What’s the Valentine’s etiquette if you’ve just started dating or chatting?
If you’re not yet dating properly (and unsure if it’ll even progress to that stage) you may be wondering how to handle the 14th February. Should you send a card, buy a gift, or suggest a Valentine’s Day meet?
Here are some tips on Valentine’s etiquette, for those in that tricky ‘in-between stage’ at this time of year.
Bring it up in conversation
If you’ve already met in person a few times and there’s a clear rapport, it may be worth mentioning it. You’re probably both going to be wondering what – if anything – you should do. You could go all out and ask if they fancy a Valentine date. Or bring up the topic of cards and gifts to reveal their views (if you don’t want to make it obvious, you could chat about the subject generally – like talking about shopping for someone’s birthday).
Use it as an excuse to get in touch
If you’ve not yet met, there’s every chance you won’t want to chat about it – directly or indirectly. And that’s totally fine. Many people use the rule that if you didn’t exchange Christmas presents, you don’t need to do it on the 14th of February. But it is a great opportunity to make contact and send a lighthearted ‘Happy Valentine’s Day’ message. This way you’re acknowledging it and reminding them that you’re interested romantically, without doing anything too full-on.
Opt for alternative gifts and cards
Unless you already knew each other beforehand, you shouldn’t have swapped addresses after online chats and/or a date or two. This means you’ll be unable to post anything. And sending to their place of work, if you know where it is, is a definite no-no at such an early stage. Perhaps you’re pretty sure that things are progressing. Or they’ve mentioned a love of gifts and cards and you’d like to mark the occasion. There are plenty of e-cards and voucher gifts than can be sent via link or email. These can be bought online, although making your own saves money and adds a personal touch.
Keep dates simple – or be clear about your intention
Perhaps it just works out that you’re both free on Valentine’s Day. You shouldn’t completely avoid the 14th if it’s otherwise convenient. But do bear in mind that restaurants and bars will be busier, possibly more expensive and likely full of loved up couples. If you’re having a first or early date, this can be annoying and awkward. So opt for something casual, like brunch at a street food market, or a cafe by day.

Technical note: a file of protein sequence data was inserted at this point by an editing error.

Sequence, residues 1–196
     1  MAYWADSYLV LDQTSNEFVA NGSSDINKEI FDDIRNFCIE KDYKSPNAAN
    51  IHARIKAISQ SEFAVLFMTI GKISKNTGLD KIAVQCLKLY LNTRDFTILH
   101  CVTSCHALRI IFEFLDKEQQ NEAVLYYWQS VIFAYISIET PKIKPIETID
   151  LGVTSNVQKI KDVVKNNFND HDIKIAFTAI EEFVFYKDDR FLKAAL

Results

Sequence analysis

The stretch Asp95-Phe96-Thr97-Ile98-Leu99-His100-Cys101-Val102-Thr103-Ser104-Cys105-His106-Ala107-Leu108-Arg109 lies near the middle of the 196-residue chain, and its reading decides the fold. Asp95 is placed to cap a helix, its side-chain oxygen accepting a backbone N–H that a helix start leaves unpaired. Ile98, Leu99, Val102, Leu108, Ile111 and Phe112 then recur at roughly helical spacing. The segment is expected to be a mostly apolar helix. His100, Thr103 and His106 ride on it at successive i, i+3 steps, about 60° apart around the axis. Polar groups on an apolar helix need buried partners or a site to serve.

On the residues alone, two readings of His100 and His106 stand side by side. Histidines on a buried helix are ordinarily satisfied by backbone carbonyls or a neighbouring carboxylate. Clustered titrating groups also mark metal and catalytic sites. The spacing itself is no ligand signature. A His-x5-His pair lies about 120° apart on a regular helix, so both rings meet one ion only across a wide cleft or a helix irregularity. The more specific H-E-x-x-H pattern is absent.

If you do fancy something significant and formal, ask upfront if you can take them for a Valentine date. If they agree on this basis, a card, some chocolates or simple flowers are in order. And if you’ve been asked out specifically for Valentine’s dinner, it’s good etiquette to take a card and/or a small gift. If you’re not feeling it, or very much in the friend-zone, don’t say yes to an elaborate night out on Valentine’s Day. Doing so would send the wrong message and only set them up for disappointment.
Be slow to take offence
We all have different ideas and approaches to special days and celebrations. Some people place a lot of value in the giving and receiving of gifts. Others find it uncomfortable or don’t give them a second thought. If your relationship does progress, these are the kinds of things you should note for future events. In the meantime, you can’t be expected to know everything about them or vice versa. Take it lightly if you bring a card or gift to a date and it hasn’t been reciprocated. It’s not necessarily a sign of their feelings and if things go well, there’s always next year.
If you’re on the receiving end of an unexpected card, gift or message and you’ve come to the conclusion it’s nothing more than friendship, this isn’t the day to let them know. Be polite, say thank you, then after Valentine’s has passed, you can have an honest and gentle conversation. Equally, you don’t have to wait for Valentine’s to say you’re interested. Romance isn’t confined to the 14th of February – every day holds the potential for love to blossom.